The increased access to preventive health care and family planning under the Affordable Care Act provides immeasurable economic value to women, families and society. Not only does every dollar invested in federal family planning save taxpayers and families nearly $4, but unintended pregnancies are already costing U.S. taxpayers $11 billion a year.

Women realize that health and wellness are key to prosperity and independence. In times of economic uncertainty, it is more important than ever to stay healthy. For women, birth control isn’t a political or social issue — it’s basic health care and an economic concern. The money — up to $600 on average — that women will save on birth control each year is equal to five weeks of groceries for a family of four, nine tanks of gas in a minivan, or one semester of college textbooks.

Planned Parenthood of Illinois health centers already provide basic health care to nearly 75,000 patients every year, and to 3,321 patients in Springfield alone. Because this landmark law has been upheld, we know we’ll be able to do even more for the communities we serve in the months and years ahead.

Carole Brite
President and CEO
Planned Parenthood of Illinois
(Originally posted on July 10 in the State Journal-Register)

Tuesday, July 10, 2012

Expanding Medicaid: The Choice is Clear

The Supreme Court on June 28th ruled that while the federal Affordable Care Act’s (ACA) Medicaid expansion is constitutional, in the event that a state does not implement the expansion, it would be unconstitutional to withdraw all Medicaid funding from that state. The ruling appears to leave intact both the mandatory nature of the expansion and the other remedies that the federal Medicaid authorities might use to enforce it. The states, however, might view the removal of the most aggressive remedy (full Medicaid defunding) as opening up some additional degree of choice about whether to forego the expansion and risk whatever lesser penalties federal authorities may impose (such as a partial withholding of funds). In Illinois, as in any other state, it is clear that expanding the Medicaid program on schedule in 2014 is by far the smart and right thing to do, regardless of the potential federal penalties for not expanding.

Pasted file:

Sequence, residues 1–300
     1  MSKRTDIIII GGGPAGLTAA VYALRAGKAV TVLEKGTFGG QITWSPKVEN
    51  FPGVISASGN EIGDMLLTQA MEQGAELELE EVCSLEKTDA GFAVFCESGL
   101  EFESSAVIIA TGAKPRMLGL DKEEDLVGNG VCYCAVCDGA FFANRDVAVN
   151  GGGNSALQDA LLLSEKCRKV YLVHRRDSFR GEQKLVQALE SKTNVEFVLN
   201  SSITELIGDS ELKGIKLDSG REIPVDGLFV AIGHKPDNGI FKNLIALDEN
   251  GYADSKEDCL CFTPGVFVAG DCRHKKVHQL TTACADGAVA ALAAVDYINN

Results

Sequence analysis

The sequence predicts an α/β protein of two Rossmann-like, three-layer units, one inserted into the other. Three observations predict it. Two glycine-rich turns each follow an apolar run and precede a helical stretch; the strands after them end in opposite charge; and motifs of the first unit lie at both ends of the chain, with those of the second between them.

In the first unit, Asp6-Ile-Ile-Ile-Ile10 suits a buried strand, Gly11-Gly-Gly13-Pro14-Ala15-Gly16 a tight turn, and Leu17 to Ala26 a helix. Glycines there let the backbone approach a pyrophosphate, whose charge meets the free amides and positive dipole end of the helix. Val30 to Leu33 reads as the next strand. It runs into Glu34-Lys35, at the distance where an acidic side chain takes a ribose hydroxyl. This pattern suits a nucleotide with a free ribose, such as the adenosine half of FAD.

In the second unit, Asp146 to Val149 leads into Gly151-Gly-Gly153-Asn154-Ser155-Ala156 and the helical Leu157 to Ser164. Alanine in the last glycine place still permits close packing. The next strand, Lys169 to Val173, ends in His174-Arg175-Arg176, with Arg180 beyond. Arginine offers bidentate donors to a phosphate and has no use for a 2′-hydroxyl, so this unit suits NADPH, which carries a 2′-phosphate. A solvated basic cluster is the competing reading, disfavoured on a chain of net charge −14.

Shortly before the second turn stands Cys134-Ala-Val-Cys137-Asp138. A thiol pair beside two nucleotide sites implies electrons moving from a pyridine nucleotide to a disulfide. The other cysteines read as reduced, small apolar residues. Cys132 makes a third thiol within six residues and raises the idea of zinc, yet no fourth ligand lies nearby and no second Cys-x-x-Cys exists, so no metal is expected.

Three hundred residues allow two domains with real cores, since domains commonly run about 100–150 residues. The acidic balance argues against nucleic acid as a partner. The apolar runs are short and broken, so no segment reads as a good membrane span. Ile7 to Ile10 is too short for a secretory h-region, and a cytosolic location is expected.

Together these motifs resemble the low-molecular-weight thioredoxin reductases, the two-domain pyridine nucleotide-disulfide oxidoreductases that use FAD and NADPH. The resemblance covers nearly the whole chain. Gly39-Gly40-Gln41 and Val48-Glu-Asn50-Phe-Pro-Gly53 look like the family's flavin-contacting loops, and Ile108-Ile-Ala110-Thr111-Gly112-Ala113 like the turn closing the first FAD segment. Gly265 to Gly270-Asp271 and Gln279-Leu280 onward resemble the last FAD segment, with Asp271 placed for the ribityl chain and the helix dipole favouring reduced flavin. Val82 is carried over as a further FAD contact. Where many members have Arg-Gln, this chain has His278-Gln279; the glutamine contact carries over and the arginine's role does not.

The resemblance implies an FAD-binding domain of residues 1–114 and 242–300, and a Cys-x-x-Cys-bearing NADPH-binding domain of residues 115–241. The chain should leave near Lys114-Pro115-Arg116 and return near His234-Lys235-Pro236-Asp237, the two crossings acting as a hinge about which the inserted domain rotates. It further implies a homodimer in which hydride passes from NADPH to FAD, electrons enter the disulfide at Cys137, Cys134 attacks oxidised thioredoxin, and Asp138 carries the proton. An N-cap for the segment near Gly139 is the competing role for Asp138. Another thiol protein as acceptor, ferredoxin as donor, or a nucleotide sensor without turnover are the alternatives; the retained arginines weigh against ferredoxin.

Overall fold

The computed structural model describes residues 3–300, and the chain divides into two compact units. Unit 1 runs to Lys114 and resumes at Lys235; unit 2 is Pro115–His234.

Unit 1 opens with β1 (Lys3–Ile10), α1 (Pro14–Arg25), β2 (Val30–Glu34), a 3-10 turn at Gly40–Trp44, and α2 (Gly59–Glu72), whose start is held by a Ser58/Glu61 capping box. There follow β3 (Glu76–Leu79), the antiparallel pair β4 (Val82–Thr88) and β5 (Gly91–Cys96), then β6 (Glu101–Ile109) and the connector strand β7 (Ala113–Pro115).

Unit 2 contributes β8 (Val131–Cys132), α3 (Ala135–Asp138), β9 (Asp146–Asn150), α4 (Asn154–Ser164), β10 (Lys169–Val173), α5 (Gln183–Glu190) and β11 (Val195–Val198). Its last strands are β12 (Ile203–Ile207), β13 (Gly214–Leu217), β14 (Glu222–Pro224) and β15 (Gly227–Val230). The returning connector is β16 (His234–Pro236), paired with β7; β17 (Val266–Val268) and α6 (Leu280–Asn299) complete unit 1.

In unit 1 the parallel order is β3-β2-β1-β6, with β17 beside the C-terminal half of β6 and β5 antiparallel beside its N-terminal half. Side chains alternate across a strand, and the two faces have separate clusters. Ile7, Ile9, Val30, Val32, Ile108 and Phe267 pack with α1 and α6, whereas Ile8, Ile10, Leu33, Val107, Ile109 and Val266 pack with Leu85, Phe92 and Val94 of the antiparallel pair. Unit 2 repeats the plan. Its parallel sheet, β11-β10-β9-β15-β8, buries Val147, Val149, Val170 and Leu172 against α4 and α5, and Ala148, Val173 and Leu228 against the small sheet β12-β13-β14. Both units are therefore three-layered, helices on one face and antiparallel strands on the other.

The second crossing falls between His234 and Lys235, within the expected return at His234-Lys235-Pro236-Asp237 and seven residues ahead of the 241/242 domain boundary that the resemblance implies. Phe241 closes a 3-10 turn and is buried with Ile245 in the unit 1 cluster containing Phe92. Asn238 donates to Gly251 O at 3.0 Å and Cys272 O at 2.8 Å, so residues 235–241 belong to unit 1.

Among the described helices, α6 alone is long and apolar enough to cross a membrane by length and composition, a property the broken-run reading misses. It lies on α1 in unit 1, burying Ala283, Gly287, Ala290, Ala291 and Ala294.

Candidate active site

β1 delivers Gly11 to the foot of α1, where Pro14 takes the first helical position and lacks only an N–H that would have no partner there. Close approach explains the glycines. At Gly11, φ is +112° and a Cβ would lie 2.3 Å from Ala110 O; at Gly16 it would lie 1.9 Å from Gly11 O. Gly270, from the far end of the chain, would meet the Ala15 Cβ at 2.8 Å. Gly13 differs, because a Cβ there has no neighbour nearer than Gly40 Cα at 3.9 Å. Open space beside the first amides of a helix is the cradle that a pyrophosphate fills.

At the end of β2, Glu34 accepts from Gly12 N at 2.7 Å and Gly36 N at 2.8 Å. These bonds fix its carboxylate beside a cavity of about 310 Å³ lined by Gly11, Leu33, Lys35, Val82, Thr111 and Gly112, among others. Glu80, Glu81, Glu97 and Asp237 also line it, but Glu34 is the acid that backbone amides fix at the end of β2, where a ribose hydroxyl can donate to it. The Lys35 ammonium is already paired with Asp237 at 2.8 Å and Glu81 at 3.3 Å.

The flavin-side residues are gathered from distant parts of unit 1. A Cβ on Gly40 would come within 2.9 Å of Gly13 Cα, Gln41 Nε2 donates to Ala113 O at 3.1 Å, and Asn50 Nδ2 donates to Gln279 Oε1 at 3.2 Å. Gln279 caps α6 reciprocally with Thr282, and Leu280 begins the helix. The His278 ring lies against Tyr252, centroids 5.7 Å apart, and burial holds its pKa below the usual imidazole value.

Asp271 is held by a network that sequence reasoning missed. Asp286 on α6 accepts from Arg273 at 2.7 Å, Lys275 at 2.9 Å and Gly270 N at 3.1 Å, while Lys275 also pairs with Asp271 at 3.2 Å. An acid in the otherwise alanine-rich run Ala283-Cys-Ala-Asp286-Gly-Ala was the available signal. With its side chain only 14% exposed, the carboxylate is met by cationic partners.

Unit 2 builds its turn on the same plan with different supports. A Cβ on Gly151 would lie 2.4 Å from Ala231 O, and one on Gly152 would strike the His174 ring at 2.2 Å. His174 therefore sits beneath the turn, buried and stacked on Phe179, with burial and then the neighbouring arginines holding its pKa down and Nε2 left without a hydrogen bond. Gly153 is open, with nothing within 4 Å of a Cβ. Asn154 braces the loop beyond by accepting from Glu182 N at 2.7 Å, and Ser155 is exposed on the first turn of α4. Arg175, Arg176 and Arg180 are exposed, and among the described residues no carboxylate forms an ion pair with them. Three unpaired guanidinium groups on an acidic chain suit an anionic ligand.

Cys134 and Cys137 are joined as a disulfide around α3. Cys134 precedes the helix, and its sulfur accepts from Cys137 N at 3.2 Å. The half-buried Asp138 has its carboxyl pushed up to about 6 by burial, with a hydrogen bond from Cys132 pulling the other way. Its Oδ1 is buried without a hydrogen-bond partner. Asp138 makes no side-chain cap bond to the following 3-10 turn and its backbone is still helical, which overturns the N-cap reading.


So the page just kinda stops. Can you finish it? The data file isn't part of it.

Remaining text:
1.  The ACA’s expansion is aimed at covering some of the most vulnerable low-income adults who are otherwise unable to afford private insurance. Not all low-income Illinoisans are currently eligible for Medicaid. Instead, right now, to qualify for Medicaid, a low-income person must fit into a “category,” such as being 65 or over, or totally and permanently disabled, or pregnant, or a child under age 19, or a parent or caretaker relative of a child under age 19. But if you are a single, childless, non-disabled adult without a penny to your name, you do not qualify for Medicaid. This expansion adds another category—having household income less than 138% of the Federal Poverty Level (FPL), which would apply to an estimated 500,000 individuals in Illinois. People in a wide range of circumstances will belong to the “newly eligible” group. Many will be low-wage, part-time workers. Some will be unemployed, either recent or long term. Some will have health conditions that, if addressed by consistent medical care, could and would allow them to get jobs. Some are really destitute, even homeless. Some are young adults, perhaps having aged off Medicaid, which they received as children, but are not fortunate enough to have parents with insurance that would cover them until they turn 26. Others are middle-aged or close to 65. Some are people who had insurance coverage, but lost it through changes in circumstances such as job loss or divorce. 
Of the newly eligible population in Illinois, an estimated 431,000 Illinoisans with household incomes less than 100% FPL will be left in the cold without the Medicaid expansion. The ACA envisioned that these folks would qualify for Medicaid. That’s why the federal subsidy to help pay for private insurance premiums starts at 100% FPL and goes to 400% FPL. So, without the Medicaid expansion, these folks will likely be priced out of affordable health insurance through the Exchange because they won’t qualify for the federal financial help (unless they are lawfully residing residents ineligible for Medicaid). They will have to continue to access safety-net providers and emergency rooms for care, driving up costs for these providers and showing up sicker. And, these folks are still held responsible under the individual mandate to prove insurance coverage or why they are exempt.